Many people ask: “what is a peacekeeping mission doing in Haiti? There’s no internal conflict, there’s no guerrilla movement, there’s no civil war, there’s no conflict with any neighbouring country, there’s no border issue with anybody else, there’s no ethnic conflict, there’s no religious conflict, there’s no conflict for natural resources like with other places in the world like Congo for example, Haiti doesn’t have no oil, no diamonds, no coltan, nor anything else, so what is a peacekeeping mission doing in a place like Haiti?”
The Security Council doesn’t have another tool to face a situation of a failed state, so we are there like a backbone of a country, creating the space and the opportunities for other actors on the development side, the economic side, on the social side, for them to build those capacities in the future.
So it depends very much on our own capacities, in the international community, to deliver in a better way, but also on the Haitian side to take advantage of what we are offering.
Our proposal right now is to create a contract for Haiti, a compact – civil society, private sector, Haitian government, international community – with very clear goals, responsibilities, and obligations and with a follow-up mechanism; and see if the Haitians are doing what we expect them to do, assuming responsibilities, and us – the international community – delivering on our promises of aid, assistance, money.
But we have to tie the whole thing up around the concept of the rule of law. And rule of law is not only police, it’s not only courts, it’s not only corrections. In Haiti it’s also the issue of a civil registry, of a land registry, of functioning courts – creating the conditions and the guarantees for investors to create economic activity and break this vicious circle of assistance and donations and subsidies. I think that we have to help them to be self-sufficient in many ways and these are some of the benchmarks of the mission there.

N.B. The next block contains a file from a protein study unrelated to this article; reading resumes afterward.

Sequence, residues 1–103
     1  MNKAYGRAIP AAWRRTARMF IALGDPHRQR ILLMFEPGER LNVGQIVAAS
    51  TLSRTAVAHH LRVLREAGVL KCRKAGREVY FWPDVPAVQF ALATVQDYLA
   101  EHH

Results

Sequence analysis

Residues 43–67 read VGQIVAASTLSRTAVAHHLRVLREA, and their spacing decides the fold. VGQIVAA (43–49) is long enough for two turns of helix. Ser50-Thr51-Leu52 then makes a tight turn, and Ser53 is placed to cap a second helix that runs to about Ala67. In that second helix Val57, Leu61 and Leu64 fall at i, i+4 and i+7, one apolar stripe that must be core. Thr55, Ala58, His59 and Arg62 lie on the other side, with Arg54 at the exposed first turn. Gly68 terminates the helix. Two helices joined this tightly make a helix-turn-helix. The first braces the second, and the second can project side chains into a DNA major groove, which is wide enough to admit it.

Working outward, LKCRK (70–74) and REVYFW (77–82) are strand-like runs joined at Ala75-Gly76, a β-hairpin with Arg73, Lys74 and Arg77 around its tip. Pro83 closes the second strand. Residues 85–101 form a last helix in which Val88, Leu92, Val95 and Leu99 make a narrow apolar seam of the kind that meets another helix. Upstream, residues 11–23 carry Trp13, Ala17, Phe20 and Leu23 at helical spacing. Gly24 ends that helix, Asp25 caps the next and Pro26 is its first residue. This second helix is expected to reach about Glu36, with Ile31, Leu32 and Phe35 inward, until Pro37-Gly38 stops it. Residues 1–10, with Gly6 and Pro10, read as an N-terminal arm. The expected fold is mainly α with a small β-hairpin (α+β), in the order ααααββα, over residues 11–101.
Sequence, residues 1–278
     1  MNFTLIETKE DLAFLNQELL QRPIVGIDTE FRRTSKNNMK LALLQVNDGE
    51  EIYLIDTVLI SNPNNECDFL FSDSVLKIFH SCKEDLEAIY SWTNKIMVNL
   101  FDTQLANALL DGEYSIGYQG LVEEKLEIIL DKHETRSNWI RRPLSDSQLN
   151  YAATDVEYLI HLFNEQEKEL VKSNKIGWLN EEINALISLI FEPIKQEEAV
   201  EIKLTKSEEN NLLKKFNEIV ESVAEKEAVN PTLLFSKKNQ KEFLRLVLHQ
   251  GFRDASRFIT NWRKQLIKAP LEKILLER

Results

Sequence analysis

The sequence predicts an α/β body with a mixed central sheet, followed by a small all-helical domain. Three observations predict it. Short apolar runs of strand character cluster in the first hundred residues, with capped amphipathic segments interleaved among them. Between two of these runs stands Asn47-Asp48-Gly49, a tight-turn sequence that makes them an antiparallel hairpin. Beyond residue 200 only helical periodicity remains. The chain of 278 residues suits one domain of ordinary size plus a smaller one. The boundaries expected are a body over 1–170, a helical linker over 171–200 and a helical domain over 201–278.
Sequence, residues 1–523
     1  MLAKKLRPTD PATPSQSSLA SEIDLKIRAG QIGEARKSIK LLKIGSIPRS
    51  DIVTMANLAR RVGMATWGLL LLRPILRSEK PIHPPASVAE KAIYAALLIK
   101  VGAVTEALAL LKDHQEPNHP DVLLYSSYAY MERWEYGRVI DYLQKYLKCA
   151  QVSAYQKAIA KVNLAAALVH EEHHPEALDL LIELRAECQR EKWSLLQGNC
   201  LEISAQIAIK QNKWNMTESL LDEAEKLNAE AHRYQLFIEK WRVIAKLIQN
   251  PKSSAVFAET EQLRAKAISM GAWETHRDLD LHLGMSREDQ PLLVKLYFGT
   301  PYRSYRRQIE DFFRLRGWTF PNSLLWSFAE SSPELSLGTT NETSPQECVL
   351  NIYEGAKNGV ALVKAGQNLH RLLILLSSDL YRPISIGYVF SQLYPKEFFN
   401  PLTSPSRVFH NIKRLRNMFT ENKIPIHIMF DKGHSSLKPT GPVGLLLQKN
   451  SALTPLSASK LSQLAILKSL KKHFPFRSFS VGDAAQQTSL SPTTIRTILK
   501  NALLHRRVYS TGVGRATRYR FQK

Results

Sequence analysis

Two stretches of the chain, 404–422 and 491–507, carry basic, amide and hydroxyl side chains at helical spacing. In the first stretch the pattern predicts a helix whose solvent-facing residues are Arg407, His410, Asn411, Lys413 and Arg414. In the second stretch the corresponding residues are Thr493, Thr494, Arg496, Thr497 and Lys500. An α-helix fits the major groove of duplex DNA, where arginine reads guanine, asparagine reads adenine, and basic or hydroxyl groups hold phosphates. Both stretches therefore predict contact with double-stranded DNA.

We will be conducting an assessment in June-July of the security-political situation in Haiti. We should draw down to the levels we had before the earthquake for the military and police components, and then we’ll see how everything goes.
Edmond Mulet: I’m very grateful to the person who wrote that! The only thing I can say is that I did not do this alone. Whatever is said about the performance of the Special Representative of the Secretary-General during that year in Haiti, I think it applies to the whole group of people there. It was all of us, all of the UN team, all our colleagues and friends in MINUSTAH; [and due to] the support we got from UN Headquarters, the support we received from the Secretary-General, from the Security Council, from key member states, from embassies, from ambassadors working in Haiti. We felt confident, we felt supported.
A few days after the earthquake, I received a letter from the Secretary-General giving me carte blanche. I could do whatever I needed and whatever I wanted with the budget and the assets of MINUSTAH, putting everything at the disposition of humanitarian aid and assistance. So I was not restricted to rules and regulations. I had the trust of the Security Council, [and] the Secretary-General. When you have that kind of backing, then you can deliver, then you can be there and do things.
UN News Centre: You spoke of the differences between field and headquarters, how rewarding field service can be. So when can we expect you back in the field?
Edmond Mulet: I’ve been back in New York only for a month now, so let me stay here for a few months and then we’ll see! For the time being, I’m here in New York, and of course, I’ll be travelling a lot to all these different missions, supervising their work and working with the Security Council on many issues. After 16 months in the field, it’s good to be back in New York.